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Archive: Public policy

Not as bad as you think

On a global scale, fragile ecological systems may be safer if drilling occurs under US regulations and with US technologies.

By Coro Fellows | May 4, 2010; 12:03 PM ET | Comments (8)

Shortsighted leadership

I don't see Gov. Jan Brewer's action as a matter of boldness. It's simply a wrong action.

By Yash Gupta | April 30, 2010; 11:14 AM ET | Comments (67)

Better than no leadership at all

Border security is a federal responsibility, and the federal government's non-performance to date has placed an unfair burden on Arizona that its elected leaders are at least trying to address.

By Robert Goodwin | April 29, 2010; 08:49 PM ET | Comments (13)

You better be right

In my profession, if my superiors are ineffective, action to compensate is a necessity.

By West Point Cadets | April 29, 2010; 02:21 PM ET | Comments (2)

Bucking the ride

Leading up when you are going against the direction of your senior leaders is risky proposition. Senior executives do not like to be challenged, especially by those they outrank.

By John Baldoni | April 29, 2010; 10:23 AM ET | Comments (2)

The price of missed opportunity

Health-care has been an unnecessarily difficult struggle, providing fodder for Obama's opponents as the midterm elections draw nearer.

By Yash Gupta | March 18, 2010; 02:44 PM ET | Comments (2)

Obama's report card

Facts are important, but knowing what they mean is priceless. Obama's lowest grade comes in his management of health care's 'meaning.'

By Katherine Tyler Scott | March 18, 2010; 02:29 PM ET | Comments (0)

Struggling with his 'passions'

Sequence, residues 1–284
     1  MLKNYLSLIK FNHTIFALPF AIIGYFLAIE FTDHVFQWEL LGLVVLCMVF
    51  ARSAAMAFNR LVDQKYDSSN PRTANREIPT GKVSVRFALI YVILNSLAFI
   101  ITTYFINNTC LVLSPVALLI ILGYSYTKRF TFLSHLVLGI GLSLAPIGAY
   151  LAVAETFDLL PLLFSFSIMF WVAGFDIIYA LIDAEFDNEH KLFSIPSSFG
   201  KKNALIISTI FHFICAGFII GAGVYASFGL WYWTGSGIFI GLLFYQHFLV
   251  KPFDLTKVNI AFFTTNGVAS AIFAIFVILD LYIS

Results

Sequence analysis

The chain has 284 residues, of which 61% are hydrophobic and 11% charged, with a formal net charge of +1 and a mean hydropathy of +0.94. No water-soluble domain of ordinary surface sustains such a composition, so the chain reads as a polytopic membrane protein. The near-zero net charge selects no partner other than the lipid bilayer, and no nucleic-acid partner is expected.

Our political system, not just our president, has failed to provide a platform for understanding on which we could all gather.

By Alaina Love | March 18, 2010; 11:36 AM ET | Comments (1)

Stop romanticizing leaders

Members from both parties have failed to put the nation's interests above their own political needs or aspirations.

By Scott DeRue | March 18, 2010; 10:47 AM ET | Comments (1)

Great vision, lousy execution

If Congress does pass health-care reform, the bill's eventual implementation will be fraught with more partisan bickering. That is the price of unclear leadership from the top.

By John Baldoni | March 18, 2010; 10:36 AM ET | Comments (1)

Two critical mistakes

By handing away the leadership to a Senate that lacked bipartisan leaders, Obama lost the momentum he had from his initial popularity.

By Michael Maccoby | March 18, 2010; 06:35 AM ET | Comments (1)

Disappointing performance

By aiming for unrealistic goals like bi-partisanship, Obama's initiative was more susceptible to failure and delays.

By Coro Fellows | March 18, 2010; 01:58 AM ET | Comments (4)

The Thunder of Marching Feet

Mass popular support will be crucial to passing health care reform legislation, so the administration and its supporters should be mobilizing a broad range of nonprofits and constituencies to exert pressure on the legislators.

By Pablo Eisenberg | March 5, 2009; 10:03 AM ET | Comments (0)

The Real Issue

A framework of broad principles, as President Obama has proposed, is good but the real issue is the willingness of stakeholders to address the toughest trade-off: containing costs versus expanding coverage.

By Patricia McGinnis | March 5, 2009; 09:47 AM ET | Comments (0)

Decision Making, Government-Style

In government, with the possible exception of the military during combat, decisions are not made, they are negotiated.

By Norm R. Augustine | March 4, 2009; 12:23 PM ET | Comments (5)

A National Conversation

The last time an administration tried to fundamentally change health care policy they gathered a group of very bight people, spent months is closed-door conversations, and produced a well-reasoned plan. It failed, and here's how to avoid those pitfalls.

By Jim Kouzes | March 3, 2009; 11:37 AM ET | Comments (1)

Five Key Principles